Prospects for the coming week.

As of Monday the river is settled and running at summer level.

The weather is to good for the week, getting warmer by the end of the week and after last weeks rise in water this should be better for Salmon and Sea Trout fishing.

Hopefully there will be a few more fish running to let the whole river have a chance. The warmer weather should make it worthwhile to go out for an evening cast for salmon and for sea trout on the lower river.

The water temperature is 55 degrees Fahrenheit or 13 degrees Celsius, which will encourage salmon to run further upstream. With fresh water the middle and Upper River should certainly benefit.
There is good availability throughout the river so why not have a go.

As to methods, spinning and fly fishing from the bank should enable you to catch the elusive Tay Springer. It is time to get the floating lines out. I would suggest using sink tips on the Tay, as it is a fast flowing river and this would stop the fly skating on the surface. Harling is also a favoured method at this time of year if there is enough water.

Finally you are reminded that the Tay's policy for June - October 2010 is that all hen salmon, male salmon over 10 pounds and all sea trout should be released, ie the Tay has adopted a policy of 100% catch and release for hen salmon and sea trout. Salmon are a scarce and precious resource. Please help preserve both them and the long
term future of your sport by following the recommendations.

To help you follow our guidelines I have included these helpful pointers.

How to SAFELY Release a Salmon
“The best method of releasing a salmon is to leave it in the water
and touch nothing but the hook with fingers or pliers.
“Whatever the method, care combined with speed, will give the fish the best chance of survival.”
Lee Wulff, Atlantic Salmon Journal Winter 1964/65

• Use barbless or pinched hooks
• Retrieve your fish quickly; release it immediately
• Keep the fish in the water
• Use rubber or knotless cotton net, if one must be used
• Cut the leader if necessary
• Remove the hook carefully
• Hold the fish gently in natural swimming position, facing upstream until it revives
• Don’t pump the fish. That is, don’t move the fish back and forth in the water.

How should hooks be removed?
Very Carefully
In quiet water, bring the wild salmon quickly within reach. Leaving the salmon in water and without squeezing it, remove the hook carefully with pliers or thumb and forefinger. If a net must be used, it should be rubber or knotless cotton. If necessary, cut the leader near the fly and spare the fish.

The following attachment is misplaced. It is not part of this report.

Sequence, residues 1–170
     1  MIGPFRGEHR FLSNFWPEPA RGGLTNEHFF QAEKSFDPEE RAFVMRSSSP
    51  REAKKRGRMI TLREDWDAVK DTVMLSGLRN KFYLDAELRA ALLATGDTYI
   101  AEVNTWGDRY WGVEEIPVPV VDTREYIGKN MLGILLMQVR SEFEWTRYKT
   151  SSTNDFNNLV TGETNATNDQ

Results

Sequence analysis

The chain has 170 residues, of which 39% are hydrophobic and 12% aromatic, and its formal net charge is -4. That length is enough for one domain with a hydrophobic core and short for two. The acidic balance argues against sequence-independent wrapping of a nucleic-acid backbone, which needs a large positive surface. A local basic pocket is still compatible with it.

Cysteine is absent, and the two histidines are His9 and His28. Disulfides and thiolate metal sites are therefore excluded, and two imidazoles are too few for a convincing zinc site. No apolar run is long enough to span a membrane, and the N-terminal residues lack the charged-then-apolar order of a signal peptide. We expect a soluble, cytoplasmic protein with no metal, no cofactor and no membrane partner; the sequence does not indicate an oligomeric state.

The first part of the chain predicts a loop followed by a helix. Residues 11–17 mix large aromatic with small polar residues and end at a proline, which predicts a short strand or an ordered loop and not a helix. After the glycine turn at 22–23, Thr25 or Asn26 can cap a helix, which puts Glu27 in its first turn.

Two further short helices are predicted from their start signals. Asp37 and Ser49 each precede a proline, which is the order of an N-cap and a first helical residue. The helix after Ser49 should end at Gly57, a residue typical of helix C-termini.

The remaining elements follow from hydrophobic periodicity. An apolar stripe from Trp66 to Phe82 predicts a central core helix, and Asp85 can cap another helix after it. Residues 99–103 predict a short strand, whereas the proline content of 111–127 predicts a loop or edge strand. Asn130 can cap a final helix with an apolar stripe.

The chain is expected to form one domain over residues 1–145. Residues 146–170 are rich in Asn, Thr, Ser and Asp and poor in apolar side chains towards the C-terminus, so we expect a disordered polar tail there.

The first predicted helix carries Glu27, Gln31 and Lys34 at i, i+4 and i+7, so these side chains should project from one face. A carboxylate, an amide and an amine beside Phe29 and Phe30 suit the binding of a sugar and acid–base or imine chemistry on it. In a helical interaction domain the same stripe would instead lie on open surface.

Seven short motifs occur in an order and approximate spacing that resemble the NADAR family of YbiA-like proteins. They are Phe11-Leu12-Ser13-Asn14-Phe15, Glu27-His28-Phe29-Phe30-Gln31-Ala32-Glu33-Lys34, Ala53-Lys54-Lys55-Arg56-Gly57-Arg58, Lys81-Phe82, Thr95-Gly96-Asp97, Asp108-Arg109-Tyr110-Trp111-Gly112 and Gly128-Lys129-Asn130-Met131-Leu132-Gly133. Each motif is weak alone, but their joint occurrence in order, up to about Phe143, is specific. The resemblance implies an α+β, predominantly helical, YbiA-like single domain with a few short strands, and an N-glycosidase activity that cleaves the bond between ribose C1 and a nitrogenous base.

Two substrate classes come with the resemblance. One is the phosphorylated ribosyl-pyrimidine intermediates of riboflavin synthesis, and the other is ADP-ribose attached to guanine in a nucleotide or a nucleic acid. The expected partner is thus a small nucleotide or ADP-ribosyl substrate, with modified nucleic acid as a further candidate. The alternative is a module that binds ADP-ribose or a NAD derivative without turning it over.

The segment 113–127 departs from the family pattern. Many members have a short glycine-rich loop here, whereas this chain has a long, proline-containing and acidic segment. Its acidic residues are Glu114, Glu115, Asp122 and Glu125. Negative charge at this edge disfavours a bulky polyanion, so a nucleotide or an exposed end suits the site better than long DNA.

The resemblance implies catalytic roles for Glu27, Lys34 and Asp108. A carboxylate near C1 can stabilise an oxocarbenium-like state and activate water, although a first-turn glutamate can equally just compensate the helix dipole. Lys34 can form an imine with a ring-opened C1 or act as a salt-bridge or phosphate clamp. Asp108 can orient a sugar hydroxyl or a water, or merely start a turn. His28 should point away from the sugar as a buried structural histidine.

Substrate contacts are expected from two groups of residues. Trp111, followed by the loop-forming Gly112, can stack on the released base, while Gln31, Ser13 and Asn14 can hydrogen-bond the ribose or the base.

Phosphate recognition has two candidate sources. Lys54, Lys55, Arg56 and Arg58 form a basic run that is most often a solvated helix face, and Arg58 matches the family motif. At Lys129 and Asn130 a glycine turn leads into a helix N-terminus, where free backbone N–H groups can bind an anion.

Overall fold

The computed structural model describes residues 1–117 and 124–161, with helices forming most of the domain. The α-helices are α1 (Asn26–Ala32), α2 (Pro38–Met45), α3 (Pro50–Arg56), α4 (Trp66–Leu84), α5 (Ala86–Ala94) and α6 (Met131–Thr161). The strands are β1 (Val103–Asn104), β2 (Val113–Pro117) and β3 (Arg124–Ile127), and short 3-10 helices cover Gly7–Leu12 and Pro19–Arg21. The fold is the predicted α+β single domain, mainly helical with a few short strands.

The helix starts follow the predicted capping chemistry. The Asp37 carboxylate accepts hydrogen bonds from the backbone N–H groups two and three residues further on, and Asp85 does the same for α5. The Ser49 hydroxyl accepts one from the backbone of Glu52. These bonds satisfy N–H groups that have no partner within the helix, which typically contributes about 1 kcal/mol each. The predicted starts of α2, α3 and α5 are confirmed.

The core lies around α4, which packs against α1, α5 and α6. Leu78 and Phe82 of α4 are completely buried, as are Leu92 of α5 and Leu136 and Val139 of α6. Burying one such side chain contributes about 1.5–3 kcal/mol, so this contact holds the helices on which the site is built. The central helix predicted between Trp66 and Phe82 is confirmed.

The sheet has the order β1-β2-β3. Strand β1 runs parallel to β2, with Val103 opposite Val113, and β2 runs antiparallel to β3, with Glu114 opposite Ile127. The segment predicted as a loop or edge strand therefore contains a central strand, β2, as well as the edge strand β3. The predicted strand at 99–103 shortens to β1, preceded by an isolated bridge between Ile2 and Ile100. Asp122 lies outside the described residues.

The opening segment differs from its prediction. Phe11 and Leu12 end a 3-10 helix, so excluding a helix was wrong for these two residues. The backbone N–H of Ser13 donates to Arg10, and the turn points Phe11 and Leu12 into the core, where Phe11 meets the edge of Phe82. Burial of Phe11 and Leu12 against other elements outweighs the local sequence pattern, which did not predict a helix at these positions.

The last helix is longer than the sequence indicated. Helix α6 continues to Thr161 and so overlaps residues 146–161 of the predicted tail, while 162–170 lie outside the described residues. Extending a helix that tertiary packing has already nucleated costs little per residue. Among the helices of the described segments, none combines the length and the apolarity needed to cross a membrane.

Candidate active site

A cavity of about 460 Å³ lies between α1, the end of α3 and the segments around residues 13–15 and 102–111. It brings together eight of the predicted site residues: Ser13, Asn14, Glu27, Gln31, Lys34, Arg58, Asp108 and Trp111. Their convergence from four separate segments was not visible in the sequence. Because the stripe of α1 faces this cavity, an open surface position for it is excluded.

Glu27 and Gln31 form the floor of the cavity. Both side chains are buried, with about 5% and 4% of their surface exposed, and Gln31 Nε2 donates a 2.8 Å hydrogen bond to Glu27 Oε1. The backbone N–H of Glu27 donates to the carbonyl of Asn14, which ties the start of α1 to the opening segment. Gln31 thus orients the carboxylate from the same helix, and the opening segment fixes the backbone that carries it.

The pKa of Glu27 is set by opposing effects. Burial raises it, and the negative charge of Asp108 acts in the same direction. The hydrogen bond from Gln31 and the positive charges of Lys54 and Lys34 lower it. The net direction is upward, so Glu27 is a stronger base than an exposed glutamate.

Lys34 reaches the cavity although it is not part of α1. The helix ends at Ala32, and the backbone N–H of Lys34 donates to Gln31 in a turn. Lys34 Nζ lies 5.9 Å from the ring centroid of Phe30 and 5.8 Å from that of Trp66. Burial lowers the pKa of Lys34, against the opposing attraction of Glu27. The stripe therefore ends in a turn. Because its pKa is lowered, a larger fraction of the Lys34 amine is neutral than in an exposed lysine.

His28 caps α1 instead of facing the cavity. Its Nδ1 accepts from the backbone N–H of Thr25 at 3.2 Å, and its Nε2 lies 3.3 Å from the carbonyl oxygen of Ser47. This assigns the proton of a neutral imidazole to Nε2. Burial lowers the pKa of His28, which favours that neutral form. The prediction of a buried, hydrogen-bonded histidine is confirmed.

The Science of Live Release
“Peer-reviewed science supports live release as a proven and effective conservation tool.”
Dr. Fred Whoriskey,
ASF Vice-President, Research & Environment

Studies in North America and Europe have shown live release works, and in some instances Atlantic salmon have been angled 2 and 3 times.
Science has shown that virtually all Atlantic salmon will survive when released, as long as the angler uses the proper techniques, refrains from angling in overly warm water, and does not overplay the Atlantic salmon.
Like athletes sprinting on a track, Atlantic salmon build up lactic acid in their muscle tissues when they are being played.
The Key is Oxygen – The fish need oxygen in order to recover and continue their journey.
To recover, Atlantic salmon need:
• careful handling by the angler to reduce stress
• to remain in the water where they can breathe and reduce the oxygen deficit in their tissues
• to be held in an upstream position for water to flow more easily across their gills

Photographing Your Spectacular Live Release Salmon.

Use a photo partner:

* Digital camera: make settings on the camera before you begin fishing or use a point and shoot film camera. Give it to your partner before the angling session.

* Whether a digital camera or a film camera, tell your partner to fill the frame, and take several images.

* If it is a film camera, be sure there is film in the camera. This may seem to be a simple matter, but mistakes do happen...

Let your Partner get into Position:

* Tell him/her what you are going to do. Alert your partner before you take the fish out of the water.

Support the Atlantic salmon:

* Carefully take the barbless hook out of the fish’s mouth. With rod tucked under your arm, move one hand to the base of the tail. With your other hand, support the fish under the forward part of its body. Keep it in the water, with the fish pointed upstream to help its recovery.

* If a third person is present, give him or her the rod to hold, so you can concentrate on the wild salmon.

Take the Picture Quickly:

* With your photo partner warned, raise the wild Atlantic salmon partially out of the water for less than five seconds - or consider leaving it semi-submerged for the photo instead!

Return the Fish to Continue its Spawning Run:

* Support the salmon underwater in a natural position facing the current, handling it as little as possible. Give it time to recover. The goal is for the wild salmon to swim away on its own.

* Digital cameras offer the opportunity to adjust the film speed to suit conditions. In low light, such as evening, morning, heavy cloud, or deep shadow, consider setting the speed to 400, to take care of both movement and the low light. Experiment beforehand on speeds above 400, as many digital images become heavily pixilated at greater sensitivity.

* Remember to adjust the white balance for deep shadow, to warm the image.

* Today’s print films even at 400 speeds are superb. Use 400-speed film at dawn, dusk or in shadow.

* Don’t forget to smile! Your photo is a valuable memory.

If you have any news or pictures of catches or experiences on the Tay and you would like to share them please email me on to be included in this report.

Tight lines.